Tram Journey 1985: Sandcastle to Lifeboat Station
The photos in the section were taken during one or more tram journeys from Squires Gate to Bispham around Autumn 1985 - mostly 11 September 1985 if the camera settings were correct. Putting dates on photos was an option available on the more expensive type of camera at the time but is really rather annoying and can spoil the images. Fortunately this has been superseded by the advent of digital photography where the files include timestamps.
I have (hopefully) put this set of images in the correct order for the journey and have spread them over four pages so that page-loading times are not excessive.
- I have added additional images for some of the locations to highlight matters of historical interest and how things have changed
- The original photos are numbered and labels in light purple
- Labels for the other images are in light green
- There are links to move back and forth between the pages of this set of photos at the bottom of each page
The photo below was taken outside the entrance to the Blackpool Pleasure Beach. On the right you can just see the corner of Joseph Emberton and Halstead Best's 1939 Art Deco replacement for the original Casino built in 1913. To the left you can see the Blackpool Sandcastle which was still under construction. It was built on the site of a former open-air swimming pool and opened in 1986, a year after the photo was taken.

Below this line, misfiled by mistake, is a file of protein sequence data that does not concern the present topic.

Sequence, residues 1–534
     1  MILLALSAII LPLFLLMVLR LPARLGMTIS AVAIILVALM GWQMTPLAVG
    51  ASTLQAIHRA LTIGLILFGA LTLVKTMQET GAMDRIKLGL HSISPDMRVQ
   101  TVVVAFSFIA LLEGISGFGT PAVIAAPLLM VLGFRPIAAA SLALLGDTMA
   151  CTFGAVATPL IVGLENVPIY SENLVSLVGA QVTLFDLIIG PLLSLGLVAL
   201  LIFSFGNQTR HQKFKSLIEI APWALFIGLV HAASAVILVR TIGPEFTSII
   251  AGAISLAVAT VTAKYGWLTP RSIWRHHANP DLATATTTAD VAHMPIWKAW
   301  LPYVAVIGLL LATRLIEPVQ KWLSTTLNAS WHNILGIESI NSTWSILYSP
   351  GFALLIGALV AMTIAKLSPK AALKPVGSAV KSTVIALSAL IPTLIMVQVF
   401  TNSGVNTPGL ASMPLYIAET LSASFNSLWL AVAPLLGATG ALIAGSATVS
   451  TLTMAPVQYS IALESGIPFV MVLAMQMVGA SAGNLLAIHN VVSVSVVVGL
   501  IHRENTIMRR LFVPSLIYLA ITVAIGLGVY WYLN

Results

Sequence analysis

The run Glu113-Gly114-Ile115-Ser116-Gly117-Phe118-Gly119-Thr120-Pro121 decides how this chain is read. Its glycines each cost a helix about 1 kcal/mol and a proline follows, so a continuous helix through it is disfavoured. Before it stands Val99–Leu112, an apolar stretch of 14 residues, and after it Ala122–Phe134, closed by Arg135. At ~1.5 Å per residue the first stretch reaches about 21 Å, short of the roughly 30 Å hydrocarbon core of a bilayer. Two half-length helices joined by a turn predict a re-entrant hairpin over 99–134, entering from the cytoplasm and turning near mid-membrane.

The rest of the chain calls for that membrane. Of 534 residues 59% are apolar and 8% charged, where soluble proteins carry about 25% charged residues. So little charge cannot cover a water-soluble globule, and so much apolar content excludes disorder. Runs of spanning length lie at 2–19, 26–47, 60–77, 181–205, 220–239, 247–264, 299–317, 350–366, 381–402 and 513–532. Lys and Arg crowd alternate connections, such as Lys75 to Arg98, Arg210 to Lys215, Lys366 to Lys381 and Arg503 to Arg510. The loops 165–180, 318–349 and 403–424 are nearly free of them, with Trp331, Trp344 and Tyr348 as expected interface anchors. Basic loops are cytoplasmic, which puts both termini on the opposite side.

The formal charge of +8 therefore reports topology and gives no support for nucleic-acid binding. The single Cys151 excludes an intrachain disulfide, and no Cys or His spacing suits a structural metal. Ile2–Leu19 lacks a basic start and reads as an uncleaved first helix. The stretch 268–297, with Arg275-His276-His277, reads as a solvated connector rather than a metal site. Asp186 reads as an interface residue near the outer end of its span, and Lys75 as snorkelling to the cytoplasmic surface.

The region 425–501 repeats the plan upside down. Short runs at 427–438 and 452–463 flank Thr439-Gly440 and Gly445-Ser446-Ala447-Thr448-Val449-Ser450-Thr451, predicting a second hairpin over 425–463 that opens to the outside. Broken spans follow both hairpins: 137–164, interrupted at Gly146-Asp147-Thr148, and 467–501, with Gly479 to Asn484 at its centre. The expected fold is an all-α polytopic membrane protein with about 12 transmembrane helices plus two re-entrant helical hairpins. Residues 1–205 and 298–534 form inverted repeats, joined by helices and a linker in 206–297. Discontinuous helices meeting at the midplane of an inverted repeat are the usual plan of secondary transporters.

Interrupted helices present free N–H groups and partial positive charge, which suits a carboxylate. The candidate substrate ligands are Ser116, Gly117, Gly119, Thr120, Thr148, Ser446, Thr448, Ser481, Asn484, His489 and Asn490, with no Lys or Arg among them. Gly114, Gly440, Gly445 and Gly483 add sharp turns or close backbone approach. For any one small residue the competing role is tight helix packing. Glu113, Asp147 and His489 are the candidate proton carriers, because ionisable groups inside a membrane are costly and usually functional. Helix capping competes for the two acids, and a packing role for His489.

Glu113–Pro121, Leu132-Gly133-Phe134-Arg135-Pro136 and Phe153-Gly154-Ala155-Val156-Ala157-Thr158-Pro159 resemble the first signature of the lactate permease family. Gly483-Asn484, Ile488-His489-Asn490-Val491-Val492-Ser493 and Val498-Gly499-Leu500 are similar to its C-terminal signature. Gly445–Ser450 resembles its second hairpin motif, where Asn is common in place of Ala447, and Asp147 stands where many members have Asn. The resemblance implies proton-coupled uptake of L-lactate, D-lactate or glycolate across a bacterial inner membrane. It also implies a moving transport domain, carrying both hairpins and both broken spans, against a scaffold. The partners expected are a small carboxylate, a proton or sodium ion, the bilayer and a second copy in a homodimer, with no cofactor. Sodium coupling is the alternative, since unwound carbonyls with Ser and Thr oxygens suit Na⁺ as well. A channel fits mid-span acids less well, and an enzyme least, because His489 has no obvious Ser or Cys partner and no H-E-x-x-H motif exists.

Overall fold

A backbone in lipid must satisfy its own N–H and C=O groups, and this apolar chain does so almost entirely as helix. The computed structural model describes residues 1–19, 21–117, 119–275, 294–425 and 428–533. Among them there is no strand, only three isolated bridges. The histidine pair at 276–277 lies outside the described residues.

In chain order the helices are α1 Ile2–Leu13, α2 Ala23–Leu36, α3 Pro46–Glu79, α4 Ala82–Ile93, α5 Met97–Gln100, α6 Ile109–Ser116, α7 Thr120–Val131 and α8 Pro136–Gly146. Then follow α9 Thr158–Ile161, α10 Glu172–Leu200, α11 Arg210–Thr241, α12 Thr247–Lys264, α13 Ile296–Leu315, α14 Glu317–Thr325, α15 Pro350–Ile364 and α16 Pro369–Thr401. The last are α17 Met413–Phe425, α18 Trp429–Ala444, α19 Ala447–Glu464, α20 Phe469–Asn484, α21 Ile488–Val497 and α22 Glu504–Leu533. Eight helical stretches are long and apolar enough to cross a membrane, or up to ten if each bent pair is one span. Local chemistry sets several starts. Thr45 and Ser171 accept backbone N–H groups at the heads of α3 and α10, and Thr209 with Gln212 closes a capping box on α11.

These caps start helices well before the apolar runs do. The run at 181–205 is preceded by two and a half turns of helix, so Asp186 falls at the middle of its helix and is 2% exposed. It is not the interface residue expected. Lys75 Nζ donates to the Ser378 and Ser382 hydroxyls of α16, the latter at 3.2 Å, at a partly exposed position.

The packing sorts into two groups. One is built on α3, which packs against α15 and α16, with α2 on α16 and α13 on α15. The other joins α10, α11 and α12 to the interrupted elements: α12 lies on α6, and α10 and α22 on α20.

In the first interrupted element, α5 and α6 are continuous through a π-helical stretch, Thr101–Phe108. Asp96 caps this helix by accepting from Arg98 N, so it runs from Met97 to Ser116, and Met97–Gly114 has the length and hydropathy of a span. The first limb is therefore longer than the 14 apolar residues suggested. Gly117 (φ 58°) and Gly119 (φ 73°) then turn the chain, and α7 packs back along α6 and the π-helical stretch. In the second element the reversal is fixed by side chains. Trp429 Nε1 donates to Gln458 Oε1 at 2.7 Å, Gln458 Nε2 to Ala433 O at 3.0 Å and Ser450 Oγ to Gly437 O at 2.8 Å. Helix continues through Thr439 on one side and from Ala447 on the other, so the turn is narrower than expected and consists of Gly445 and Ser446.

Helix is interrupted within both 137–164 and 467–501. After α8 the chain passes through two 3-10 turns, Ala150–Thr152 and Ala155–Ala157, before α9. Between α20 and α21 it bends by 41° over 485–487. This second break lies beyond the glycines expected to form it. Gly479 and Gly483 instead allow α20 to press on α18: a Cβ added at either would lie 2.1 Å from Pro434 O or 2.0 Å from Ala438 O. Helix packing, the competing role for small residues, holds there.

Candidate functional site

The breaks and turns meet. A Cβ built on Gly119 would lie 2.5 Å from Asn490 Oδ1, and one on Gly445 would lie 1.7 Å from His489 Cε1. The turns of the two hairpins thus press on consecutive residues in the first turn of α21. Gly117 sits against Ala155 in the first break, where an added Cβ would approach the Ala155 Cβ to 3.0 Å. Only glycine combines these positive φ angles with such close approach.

The photo below shows on the left the circus tent-like entrance of the South Pier as it was at the time. On the right is the Lucky Star amusement arcade. South Pier was the last of Blackpool's three piers to be built and was originally known as Victoria Pier. It opened Good Friday, 31 March 1893 and in its heyday was considered to be the most 'upmarket' of Blackpool's three piers.
The photo below shows the entrance to South Pier. There is an advertisement for 'The World Famous Andrew Newton' - a hypnotist. Checking him out I found he still appears to be in business as a hypnotist, and has his own website on which, among many claims, he says he taught the art of hypnosis to Paul McKenna. I can't make out the names on the main advertisement but the little 'sandwich board' advert is for the 'South Pier Show'.
The next photo showing the ice cream seller was taken just a few yards along from the previous one.
The next photo was taken near the end of Waterloo Road where there was a decorative windmill.